Wellness and Avoidance

An office building in my neighbourhood announces itself as a “Wellness Centre”, featuring a variety of services, including naturopathic practitioners, massage therapists, chiropractors, and tooth whitening — but no medical doctors. In his recent collection of musings Scattered Limbs, English physician Ian Bamforth wrote: “Health isn’t enough. Now we have wellness and its promise of radiance and effulgence: wellness is the look of health.” In other words, the goal of these establishments is the appearance of being healthy.

The “wellness economy” was valued at more than $4 trillion in 2018, according to figures from the Global Wellness Institute (GWI). “That’s roughly the combined GDP of the United Kingdom and Canada. The development of an immense, international wellness market may reflect consumers’ changing relationships with their health care. Perhaps more than ever, people are prioritizing lifestyle, taking health into their own hands and spending money on their well-being.”

The key idea here is made explicit with the phrase “spending money”, for the motivation of this article in the global media company Forbes is mainly the growth of profit. This is hardly surprising, since greed has been the bedrock of human civilization since antiquity, facilitated now by the capitalist neoliberal structure of the world economy.

In the soothing, greenwashing language used by those promoting operations in non-renewable enterprises like the Alberta tar sands, providers of “alternative health care” and “wellness” avoid any reference to unpalatable issues like sickness and death. When privately owned and operated, the primary goal of wellness centres is that of maximizing profits. Although referencing health and compassion in their advertising, their goal is promoting sales and increasing profits.

Governmental provision of services may be contrasted with private enterprise, but government infrastructure is dependent on taxation, and any tax rise is powerfully resisted in democratic societies by conservative political parties, more concerned with promoting private profit.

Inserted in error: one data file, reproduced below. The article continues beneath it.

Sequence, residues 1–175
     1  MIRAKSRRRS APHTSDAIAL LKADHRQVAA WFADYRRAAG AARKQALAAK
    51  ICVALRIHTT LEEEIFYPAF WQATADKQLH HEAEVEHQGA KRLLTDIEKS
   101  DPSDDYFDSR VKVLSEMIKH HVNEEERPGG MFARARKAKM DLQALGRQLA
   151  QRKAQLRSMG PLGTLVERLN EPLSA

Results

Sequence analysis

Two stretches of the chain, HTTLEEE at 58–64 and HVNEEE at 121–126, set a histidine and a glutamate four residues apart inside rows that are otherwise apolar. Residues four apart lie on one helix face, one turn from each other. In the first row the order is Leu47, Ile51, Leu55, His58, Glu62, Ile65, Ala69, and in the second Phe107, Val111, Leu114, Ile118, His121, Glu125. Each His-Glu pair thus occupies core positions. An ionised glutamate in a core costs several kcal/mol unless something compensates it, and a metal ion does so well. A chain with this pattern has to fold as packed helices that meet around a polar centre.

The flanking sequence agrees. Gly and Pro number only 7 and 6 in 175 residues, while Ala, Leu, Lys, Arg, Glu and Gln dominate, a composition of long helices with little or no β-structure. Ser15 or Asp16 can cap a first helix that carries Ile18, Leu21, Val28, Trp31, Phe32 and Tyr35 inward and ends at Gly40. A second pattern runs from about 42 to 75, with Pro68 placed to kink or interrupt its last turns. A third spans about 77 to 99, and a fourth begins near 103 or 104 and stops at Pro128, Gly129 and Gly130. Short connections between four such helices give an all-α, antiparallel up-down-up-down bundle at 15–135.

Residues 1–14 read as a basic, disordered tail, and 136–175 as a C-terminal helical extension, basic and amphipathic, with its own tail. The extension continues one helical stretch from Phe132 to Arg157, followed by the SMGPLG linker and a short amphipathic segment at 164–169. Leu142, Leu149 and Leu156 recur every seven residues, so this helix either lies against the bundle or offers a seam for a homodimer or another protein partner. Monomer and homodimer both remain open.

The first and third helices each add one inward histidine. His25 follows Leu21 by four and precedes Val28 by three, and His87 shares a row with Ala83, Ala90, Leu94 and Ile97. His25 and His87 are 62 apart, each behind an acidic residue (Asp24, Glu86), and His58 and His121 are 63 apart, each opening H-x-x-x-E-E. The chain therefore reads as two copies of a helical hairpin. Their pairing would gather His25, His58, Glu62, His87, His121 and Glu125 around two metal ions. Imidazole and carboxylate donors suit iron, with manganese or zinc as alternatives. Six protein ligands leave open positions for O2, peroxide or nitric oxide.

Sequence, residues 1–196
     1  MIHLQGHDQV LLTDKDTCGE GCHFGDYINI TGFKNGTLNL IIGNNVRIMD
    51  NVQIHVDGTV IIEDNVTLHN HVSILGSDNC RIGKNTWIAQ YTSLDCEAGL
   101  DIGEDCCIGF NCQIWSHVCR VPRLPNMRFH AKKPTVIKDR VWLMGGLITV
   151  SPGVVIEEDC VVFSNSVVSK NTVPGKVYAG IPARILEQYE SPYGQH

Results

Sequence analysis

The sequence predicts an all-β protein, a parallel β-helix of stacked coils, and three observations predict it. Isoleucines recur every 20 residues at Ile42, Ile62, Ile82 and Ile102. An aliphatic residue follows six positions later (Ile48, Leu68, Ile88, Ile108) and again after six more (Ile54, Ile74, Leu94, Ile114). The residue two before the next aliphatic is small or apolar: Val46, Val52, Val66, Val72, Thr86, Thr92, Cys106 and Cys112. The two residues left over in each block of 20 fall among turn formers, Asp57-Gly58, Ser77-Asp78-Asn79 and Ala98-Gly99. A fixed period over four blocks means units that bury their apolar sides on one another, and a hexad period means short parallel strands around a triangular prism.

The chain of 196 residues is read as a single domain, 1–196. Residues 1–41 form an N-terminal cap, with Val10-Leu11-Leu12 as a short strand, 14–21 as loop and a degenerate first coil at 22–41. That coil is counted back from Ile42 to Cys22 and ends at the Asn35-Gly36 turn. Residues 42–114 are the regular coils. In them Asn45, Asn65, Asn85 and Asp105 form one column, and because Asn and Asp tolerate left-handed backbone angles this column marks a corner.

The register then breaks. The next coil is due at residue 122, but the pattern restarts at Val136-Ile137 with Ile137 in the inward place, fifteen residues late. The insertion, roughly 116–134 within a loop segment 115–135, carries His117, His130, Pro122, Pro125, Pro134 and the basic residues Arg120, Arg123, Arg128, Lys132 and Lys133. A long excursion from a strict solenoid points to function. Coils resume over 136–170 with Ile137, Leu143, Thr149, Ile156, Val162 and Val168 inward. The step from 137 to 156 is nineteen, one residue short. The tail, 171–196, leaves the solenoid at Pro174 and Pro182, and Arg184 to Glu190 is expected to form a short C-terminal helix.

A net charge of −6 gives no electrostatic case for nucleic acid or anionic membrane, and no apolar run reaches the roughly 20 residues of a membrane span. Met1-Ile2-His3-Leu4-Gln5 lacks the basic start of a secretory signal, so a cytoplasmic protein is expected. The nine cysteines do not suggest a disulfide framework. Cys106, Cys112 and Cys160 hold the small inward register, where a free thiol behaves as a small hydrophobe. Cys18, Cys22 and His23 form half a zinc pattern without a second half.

Appropriately, our friendly local “Wellness Centre” is located just down the street from a manufacturer and purveyor of tombstones and graveyard monuments, itself conveniently situated around the corner from a large cemetery, unspoken reminders of our mortality.

Authorities may manipulate language to avoid referring to sickness and death and invest in state-of-the-art modern patient care facilities, while the local small palliative care unit remains squirreled away under the roof in an nearby old building, shamefully dependent on donations and bequests, but providing compassionate care to those in the final stage of their lives.

June 23, 2021

Leave a Reply

Fill in your details below or click an icon to log in:

WordPress.com Logo

You are commenting using your WordPress.com account. Log Out /  Change )

Twitter picture

You are commenting using your Twitter account. Log Out /  Change )

Facebook photo

You are commenting using your Facebook account. Log Out /  Change )

Connecting to %s

This site uses Akismet to reduce spam. Learn how your comment data is processed.